to say anything about that this after
noon. I haven't hr.d time to read it
An Excellent Nomination
E. C. Stringer, United States District
Attorney Under President Cleveland—
It was an excellent nomination, that of
Judge Parker. I haven't yet digested
the platform.
Michael Doran Satisfied
Michael Doran. the veteran leader of
North Star Democracy, said that he
"thought well" of Parker's nomination
Not having had time to examine the
platform, Mr. Doran did not cur# to
express an opinion of its planks.
John Strom Changes-His Mind
After Jumping Into
Despondent because he was unable
to find work, John Strom, a bartender,
formerly of Minneapolis and Omaha,
jumped into the Mississippi river above
Chestnut street yesterday evening
shortly after 6 o'clock. After sinking
twice he decided that he would rather
live and struggled back to the bank.
Dripping and gasping for breath
Strom mechanically walked upstream a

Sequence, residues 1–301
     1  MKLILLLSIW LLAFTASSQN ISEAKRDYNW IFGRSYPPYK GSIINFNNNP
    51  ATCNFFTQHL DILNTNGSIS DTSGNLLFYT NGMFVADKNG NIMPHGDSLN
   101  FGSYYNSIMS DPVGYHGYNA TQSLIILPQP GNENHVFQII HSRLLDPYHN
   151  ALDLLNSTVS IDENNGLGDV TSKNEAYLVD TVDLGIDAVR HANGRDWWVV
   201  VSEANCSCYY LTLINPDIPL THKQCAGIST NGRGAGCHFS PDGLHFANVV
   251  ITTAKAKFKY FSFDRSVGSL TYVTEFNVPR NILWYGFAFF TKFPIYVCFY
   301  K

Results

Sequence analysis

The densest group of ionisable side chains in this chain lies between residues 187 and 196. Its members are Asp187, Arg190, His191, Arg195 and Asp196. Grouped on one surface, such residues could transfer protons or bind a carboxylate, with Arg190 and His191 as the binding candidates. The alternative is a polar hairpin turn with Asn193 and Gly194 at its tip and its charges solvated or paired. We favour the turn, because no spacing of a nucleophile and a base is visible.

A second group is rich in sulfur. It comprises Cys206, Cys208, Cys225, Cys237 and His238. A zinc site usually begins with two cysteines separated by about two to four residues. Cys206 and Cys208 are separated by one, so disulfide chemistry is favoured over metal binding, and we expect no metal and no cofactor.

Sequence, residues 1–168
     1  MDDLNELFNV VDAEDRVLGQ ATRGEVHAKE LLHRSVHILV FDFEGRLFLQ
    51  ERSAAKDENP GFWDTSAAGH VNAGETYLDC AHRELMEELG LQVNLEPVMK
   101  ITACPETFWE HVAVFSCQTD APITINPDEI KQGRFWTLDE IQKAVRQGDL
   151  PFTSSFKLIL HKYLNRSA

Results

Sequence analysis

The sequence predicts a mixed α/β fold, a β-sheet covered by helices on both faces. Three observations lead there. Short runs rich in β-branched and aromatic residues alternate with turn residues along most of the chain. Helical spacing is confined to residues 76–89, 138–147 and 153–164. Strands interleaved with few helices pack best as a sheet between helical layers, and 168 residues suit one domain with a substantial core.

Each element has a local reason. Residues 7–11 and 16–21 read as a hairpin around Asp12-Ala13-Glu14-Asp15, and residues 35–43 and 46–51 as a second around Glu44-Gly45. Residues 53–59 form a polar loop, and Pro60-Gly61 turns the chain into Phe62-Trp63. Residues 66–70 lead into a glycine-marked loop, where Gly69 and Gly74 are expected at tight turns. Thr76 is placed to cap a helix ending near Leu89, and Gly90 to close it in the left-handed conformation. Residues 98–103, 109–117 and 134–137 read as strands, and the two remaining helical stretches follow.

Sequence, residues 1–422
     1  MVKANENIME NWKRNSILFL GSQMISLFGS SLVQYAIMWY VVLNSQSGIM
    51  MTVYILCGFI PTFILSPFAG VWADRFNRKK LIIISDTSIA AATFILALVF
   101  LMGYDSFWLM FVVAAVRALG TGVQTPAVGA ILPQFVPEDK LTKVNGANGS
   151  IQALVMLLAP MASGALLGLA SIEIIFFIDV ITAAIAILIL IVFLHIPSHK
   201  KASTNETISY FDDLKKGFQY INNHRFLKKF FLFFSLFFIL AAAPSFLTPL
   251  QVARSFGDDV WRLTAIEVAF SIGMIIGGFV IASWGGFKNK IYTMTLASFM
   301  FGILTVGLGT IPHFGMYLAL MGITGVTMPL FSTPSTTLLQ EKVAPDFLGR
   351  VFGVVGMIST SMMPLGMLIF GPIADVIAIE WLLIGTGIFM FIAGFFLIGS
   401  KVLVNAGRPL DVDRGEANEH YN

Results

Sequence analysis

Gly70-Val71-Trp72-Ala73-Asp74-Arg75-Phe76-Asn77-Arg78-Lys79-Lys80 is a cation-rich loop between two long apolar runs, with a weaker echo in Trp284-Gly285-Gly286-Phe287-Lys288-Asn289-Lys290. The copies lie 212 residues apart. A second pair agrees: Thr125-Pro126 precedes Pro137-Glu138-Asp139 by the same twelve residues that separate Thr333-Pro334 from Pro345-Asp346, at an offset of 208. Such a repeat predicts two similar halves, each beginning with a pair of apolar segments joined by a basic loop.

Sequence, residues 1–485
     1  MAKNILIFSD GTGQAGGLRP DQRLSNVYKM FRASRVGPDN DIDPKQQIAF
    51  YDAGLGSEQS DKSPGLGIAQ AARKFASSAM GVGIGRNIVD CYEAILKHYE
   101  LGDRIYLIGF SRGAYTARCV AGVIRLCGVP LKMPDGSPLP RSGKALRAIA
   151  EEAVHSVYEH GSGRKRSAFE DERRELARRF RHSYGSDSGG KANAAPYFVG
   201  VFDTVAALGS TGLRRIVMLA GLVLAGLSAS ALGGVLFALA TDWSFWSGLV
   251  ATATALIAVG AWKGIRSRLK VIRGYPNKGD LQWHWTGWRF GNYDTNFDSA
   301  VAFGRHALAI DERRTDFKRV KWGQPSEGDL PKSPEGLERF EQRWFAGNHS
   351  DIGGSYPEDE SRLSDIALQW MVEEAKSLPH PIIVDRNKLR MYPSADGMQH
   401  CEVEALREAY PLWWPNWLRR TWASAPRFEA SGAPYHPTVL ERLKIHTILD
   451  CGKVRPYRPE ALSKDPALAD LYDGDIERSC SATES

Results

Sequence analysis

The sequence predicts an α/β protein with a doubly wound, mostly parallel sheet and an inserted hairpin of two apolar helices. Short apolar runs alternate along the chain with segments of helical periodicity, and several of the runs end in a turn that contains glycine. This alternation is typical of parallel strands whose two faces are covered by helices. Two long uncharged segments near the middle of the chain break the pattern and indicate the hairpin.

few hundred feet to the spot from
which he had jumped, picked up his
coat and vest and adjusting his collar
walked back towards the city. He had
gone but three blocks when Patrolman
Morse stopped him and demanded to
know what had happened. Strom con
fessed to the officer that he had at
tempted to drown himself, and within
ten minutes was locked in a cell at the
central police station' with a charge of
"attempted suicide" against his name.
\ Strom declared that he had been
driven to seek his death on account of
being unable to find employment. He
said he had sought in vain for work in
St. Paul and Minneapolis during the
past three weeks, and being reduced
to want decided that he preferred death
to beggary.
Strom Tells His Story
"I left Omaha three weeks ago be
cause I could not get along with my
wife," said Strom. "I went to Minne
apolis, where I lived five years tending
bar at 224 Nicollet avenue. I could get